The results indicate that with proper training and supervision, residents can obtain an acceptably low complication rate using phacoemulsification. As their skill increased, they were able to use phacoemulsification successfully on more complicated cases. Individual skill was also an important factor in the complication rate.
Penetrating keratoplasty is a good treatment option for patients with keratoconus but should be reserved for those who do not tolerate contact lenses or do not get needed visual acuity with contact lenses because of complications. This procedure has become a second-line treatment for keratoconus patients and has generally good results.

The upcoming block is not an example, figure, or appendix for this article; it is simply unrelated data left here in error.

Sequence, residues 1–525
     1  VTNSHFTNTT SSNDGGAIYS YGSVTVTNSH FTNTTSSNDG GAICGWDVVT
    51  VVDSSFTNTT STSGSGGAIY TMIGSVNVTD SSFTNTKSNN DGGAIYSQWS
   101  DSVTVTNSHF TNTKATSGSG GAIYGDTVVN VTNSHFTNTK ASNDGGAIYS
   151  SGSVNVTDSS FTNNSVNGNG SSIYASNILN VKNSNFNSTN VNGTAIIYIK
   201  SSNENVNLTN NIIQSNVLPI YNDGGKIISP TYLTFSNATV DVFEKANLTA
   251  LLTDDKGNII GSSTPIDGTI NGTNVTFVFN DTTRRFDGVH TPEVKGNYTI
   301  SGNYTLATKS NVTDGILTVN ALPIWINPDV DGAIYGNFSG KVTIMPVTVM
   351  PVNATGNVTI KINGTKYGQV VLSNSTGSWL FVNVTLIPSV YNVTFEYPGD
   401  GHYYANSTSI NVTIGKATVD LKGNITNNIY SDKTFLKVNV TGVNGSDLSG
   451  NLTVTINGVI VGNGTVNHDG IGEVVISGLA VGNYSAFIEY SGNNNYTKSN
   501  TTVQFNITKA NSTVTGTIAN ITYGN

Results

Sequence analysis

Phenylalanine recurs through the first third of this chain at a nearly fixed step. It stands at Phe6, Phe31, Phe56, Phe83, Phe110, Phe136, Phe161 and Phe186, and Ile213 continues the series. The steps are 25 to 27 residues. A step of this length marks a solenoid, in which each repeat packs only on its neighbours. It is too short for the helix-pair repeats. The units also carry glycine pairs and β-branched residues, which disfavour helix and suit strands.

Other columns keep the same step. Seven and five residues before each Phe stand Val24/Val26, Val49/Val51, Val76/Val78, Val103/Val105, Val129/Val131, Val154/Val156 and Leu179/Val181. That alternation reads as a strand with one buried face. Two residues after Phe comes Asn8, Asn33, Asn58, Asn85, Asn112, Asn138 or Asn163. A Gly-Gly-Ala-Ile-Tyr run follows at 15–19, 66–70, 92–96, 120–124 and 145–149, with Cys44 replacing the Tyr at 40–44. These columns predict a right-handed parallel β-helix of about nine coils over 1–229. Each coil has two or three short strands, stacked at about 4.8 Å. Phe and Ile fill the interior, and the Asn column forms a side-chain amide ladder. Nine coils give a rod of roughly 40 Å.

The use of phacoemulsification by ophthalmic surgeons has increased markedly over the past five years. Previous studies have reported relatively high rates of vitreous loss by residents learning phacoemulsification. We retrospectively analyzed the complications and results in 300 cases of phacoemulsification with intraocular lens implantation performed by residents. The first 40 cases done by four residents in their second year of training were compared with approximately the last 40 cases done by each resident at the end of the third year. The overall rate of surgical complications was 6.3%, and the total rate of vitreous loss was 3.3%. The rate of surgical complications during the initial surgeries in the second year of residency was 9.3%; it was 3.3% by the end of the third year. The rate of vitreous loss was 5.3% in the second year and 1.3% during the third year. Postoperatively, 90.6% of all eyes had a final best corrected visual acuity of 20/40 or better (95% excluding patients with pre-existing ocular disease). With proper training and supervision, the rate of surgical complications for residents learning phacoemulsification is acceptably low when compared with the rate of extracapsular cataract extraction.
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